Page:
1. Financial Statements: Introduction
  2. Financial Statements: Who's In Charge?
  3. Financial Statements: The System
  4. Financial Statements: Cash Flow
  5. Financial Statements: Earnings
  6. Financial Statements: Revenue
  7. Financial Statements: Working Capital
  8. Financial Statements: Long-Lived Assets
  9. Financial Statements: Long-Term Liabilities
  10. Financial Statements: Pension Plans
  11. Financial Statements: Conclusion

By David Harper
(Contact David)

Financial statements paint a picture of the transactions that flow through a business. Each transaction or exchange - for example, the sale of a product or the use of a rented a building block - contributes to the whole picture.

Let's approach the financial statements by following a flow of cash-based transactions. In the illustration below, we have numbered four major steps:

  1. Shareholders and lenders supply capital (cash) to the company.
  2. The capital suppliers have claims on the company. The balance sheet is an updated record of the capital invested in the business. On the right-hand side of the balance sheet, lenders hold liabilities and shareholders hold equity. The equity claim is "residual", which means shareholders own whatever assets remain after deducting liabilities.

    The capital is used to buy assets, which are itemized on the left-hand side of the balance sheet. The assets are current, such as inventory, or long-term, such as a manufacturing plant.
  3. The assets are deployed to create cash flow in the current year (cash inflows are shown in green, outflows shown in red). Selling equity and issuing debt start the process by raising cash. The company then "puts the cash to use" by purchasing assets in order to create (build or buy) inventory. The inventory helps the company make sales (generate revenue), and most of the revenue is used to pay operating costs, which include salaries.
  4. After paying costs (and taxes), the company can do three things with its cash profits. One, it can (or probably must) pay interest on its debt. Two, it can pay dividends to shareholders at its discretion. And three, it can retain or re-invest the remaining profits. The retained profits increase the shareholders' equity account (retained earnings). In theory, these reinvested funds are held for the shareholders' benefit and reflected in a higher share price.

    This basic flow of cash through the business introduces two financial statements: the balance sheet and the statement of cash flows. It is often said that the balance sheet is a static financial snapshot taken at the end of the year (To read more, see What is a Cash Flow Statement? and Reading The Balance Sheet.)

Statement of Cash Flows
The statement of cash flows may be the most intuitive of all statements. We have already shown that, in basic terms, a company raises capital in order to buy assets that generate a profit. The statement of cash flows "follows the cash" according to these three core activities: (1) cash is raised from the capital suppliers - cash flow from financing, (CFF), (2) cash is used to buy assets - cash flow from investing (CFI), and (3) cash is used to create a profit - cash flow from operations (CFO).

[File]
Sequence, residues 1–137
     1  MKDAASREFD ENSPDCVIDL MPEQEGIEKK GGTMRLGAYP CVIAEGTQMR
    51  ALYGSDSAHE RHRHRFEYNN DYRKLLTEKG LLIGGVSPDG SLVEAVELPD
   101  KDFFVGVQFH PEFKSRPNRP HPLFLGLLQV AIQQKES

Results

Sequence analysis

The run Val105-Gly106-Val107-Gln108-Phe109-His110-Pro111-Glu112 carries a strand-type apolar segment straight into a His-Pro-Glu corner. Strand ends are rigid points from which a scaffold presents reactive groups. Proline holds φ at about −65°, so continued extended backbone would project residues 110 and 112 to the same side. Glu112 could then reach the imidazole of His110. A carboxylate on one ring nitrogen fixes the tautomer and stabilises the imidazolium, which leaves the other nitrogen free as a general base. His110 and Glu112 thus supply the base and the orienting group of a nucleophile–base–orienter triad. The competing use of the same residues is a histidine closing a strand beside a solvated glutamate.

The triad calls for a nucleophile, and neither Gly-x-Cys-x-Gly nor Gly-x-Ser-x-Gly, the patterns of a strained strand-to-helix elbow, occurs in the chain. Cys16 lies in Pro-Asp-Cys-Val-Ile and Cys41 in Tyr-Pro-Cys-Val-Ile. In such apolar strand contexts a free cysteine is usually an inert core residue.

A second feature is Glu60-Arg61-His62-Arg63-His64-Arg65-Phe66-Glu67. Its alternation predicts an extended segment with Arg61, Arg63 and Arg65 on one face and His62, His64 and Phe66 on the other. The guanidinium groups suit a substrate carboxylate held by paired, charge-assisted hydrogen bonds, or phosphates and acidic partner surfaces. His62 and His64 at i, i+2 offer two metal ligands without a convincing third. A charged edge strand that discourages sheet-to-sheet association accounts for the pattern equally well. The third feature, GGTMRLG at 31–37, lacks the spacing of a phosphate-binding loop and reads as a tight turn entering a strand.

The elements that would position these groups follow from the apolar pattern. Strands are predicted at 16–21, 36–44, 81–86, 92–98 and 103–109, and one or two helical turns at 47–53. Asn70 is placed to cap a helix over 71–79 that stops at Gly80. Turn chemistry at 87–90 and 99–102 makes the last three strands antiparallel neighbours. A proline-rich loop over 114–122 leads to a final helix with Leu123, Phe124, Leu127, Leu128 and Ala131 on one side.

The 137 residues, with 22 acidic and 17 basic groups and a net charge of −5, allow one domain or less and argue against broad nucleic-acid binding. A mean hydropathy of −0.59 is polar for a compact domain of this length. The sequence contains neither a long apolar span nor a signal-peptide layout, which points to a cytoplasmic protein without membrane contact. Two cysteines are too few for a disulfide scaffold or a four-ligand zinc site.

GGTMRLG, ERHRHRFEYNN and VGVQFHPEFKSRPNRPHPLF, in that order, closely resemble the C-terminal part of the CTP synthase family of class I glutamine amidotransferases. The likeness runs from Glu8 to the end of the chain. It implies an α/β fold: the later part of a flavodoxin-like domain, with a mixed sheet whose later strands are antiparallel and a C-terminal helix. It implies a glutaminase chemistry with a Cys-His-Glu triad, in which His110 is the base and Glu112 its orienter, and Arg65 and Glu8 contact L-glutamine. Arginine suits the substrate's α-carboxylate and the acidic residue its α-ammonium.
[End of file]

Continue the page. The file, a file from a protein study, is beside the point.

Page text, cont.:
However, for better or worse, the technical classifications of some cash flows are not intuitive. Below we recast the "natural" order of cash flows into their technical classifications:

You can see the statement of cash flows breaks into three sections:
  1. Cash flow from financing (CFF) includes cash received (inflow) for the issuance of debt and equity. As expected, CFF is reduced by dividends paid (outflow).
  2. Cash flow from investing (CFI) is usually negative because the biggest portion is the expenditure (outflow) for the purchase of long-term assets such as plants or machinery. But it can include cash received from separate (that is, not consolidated) investments or joint ventures. Finally, it can include the one-time cash inflows/outflows due to acquisitions and divestitures.
  3. Cash flow from operations (CFO) naturally includes cash collected for sales and cash spent to generate sales. This includes operating expenses such as salaries, rent and taxes. But notice two additional items that reduce CFO: cash paid for inventory and interest paid on debt.

The total of the three sections of the cash flow statement equals net cash flow: CFF + CFI + CFO = net cash flow. We might be tempted to use net cash flow as a performance measure, but the main problem is that it includes financing flows. Specifically, it could be abnormally high simply because the company issued debt to raise cash, or abnormally low because it spent cash in order to retire debt.

CFO by itself is a good but imperfect performance measure. Consider just one of the problems with CFO caused by the unnatural re-classification illustrated above. Notice that interest paid on debt (interest expense) is separated from dividends paid: interest paid reduces CFO but dividends paid reduce CFF. Both repay suppliers of capital, but the cash flow statement separates them. As such, because dividends are not reflected in CFO, a company can boost CFO simply by issuing new stock in order to retire old debt. If all other things are equal, this equity-for-debt swap would boost CFO.

In the next installment of this series, we will discuss the adjustments you can make to the statement of cash flows to achieve a more "normal" measure of cash flow.

Financial Statements: Cash Flow
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